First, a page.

Overseas, cannabis policy is going through mighty changes. Japan’s beloved and progressive first lady, Akie Abe, recently expressed her concerns to revive Japan’s rich history of hemp. The implications of Abe’s recent statements could mean a shift in hemp policy for Japan.
“Hemp is a plant of which all of its parts can be used effectively,” Ms. Abe told Spa!. “While it is not yet permitted in Japan, I think it can be put into great practical use for medical purposes as well.” Ms. Abe is personally interested in growing hemp. “I’ve even considered myself to apply for a permit to grow hemp,” she added. Ms. Abe posted a cannabis-heavy story about her love of hemp on her Facebook page. The first lady visited a legal hemp farm in western Japan last August.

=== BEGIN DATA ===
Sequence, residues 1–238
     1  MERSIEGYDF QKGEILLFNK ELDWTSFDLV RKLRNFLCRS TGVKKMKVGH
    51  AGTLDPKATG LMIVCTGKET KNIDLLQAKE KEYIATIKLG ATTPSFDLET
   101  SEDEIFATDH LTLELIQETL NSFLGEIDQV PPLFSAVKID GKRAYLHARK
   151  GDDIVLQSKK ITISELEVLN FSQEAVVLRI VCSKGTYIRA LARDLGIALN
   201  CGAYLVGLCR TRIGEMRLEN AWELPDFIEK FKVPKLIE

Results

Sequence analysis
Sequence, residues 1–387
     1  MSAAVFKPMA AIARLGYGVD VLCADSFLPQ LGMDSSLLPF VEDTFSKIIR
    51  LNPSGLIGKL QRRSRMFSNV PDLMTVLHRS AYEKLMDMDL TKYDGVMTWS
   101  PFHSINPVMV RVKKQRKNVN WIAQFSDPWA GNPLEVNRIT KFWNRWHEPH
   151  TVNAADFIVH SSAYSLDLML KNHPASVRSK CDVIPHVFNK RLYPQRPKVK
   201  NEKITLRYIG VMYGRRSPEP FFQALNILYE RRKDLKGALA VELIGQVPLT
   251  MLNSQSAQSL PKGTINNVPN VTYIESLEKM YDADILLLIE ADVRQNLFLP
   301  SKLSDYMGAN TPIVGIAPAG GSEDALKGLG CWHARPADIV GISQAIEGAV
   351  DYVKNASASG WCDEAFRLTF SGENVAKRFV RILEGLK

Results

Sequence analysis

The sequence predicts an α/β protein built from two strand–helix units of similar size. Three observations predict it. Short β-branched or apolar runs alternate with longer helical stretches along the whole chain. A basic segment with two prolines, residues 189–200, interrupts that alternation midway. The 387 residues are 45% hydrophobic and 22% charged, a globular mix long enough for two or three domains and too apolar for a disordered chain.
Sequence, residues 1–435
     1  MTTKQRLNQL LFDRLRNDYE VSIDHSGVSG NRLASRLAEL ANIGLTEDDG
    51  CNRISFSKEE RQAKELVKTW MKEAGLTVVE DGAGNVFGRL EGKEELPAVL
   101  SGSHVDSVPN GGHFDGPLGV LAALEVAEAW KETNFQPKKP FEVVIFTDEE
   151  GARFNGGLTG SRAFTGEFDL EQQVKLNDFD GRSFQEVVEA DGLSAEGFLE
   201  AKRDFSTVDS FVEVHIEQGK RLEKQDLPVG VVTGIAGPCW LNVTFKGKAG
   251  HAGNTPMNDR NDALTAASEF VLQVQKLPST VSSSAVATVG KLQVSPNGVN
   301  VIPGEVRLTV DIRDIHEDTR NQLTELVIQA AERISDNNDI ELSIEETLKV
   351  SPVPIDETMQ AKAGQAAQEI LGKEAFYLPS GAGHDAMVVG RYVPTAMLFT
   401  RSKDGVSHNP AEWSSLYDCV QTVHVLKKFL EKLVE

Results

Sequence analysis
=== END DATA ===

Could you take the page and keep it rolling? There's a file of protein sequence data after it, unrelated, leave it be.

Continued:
A small handful of legal hemp farms in Japan have been able to obtain rare permits to legally grow.
When the Cannabis Control Act was passed in 1948, Japan was under American occupation. Before then, hemp was literally a staple of life in Imperial Japan, being used for fabrics in royal ceremonies. Japan still carries strict penalties for cannabis possession. Japan, however, has never encountered a widespread cannabis “problem.”
Japan needs change in cannabis policy like nowhere else. Getting caught with a single joint could land you up to a five-year prison sentence plus possible hard labor. Nowadays, if you’re a foreigner, you’re most likely to get deported for a cannabis conviction. Ms. Abe’s sensible approach to hemp could spell much-needed changes for Japan.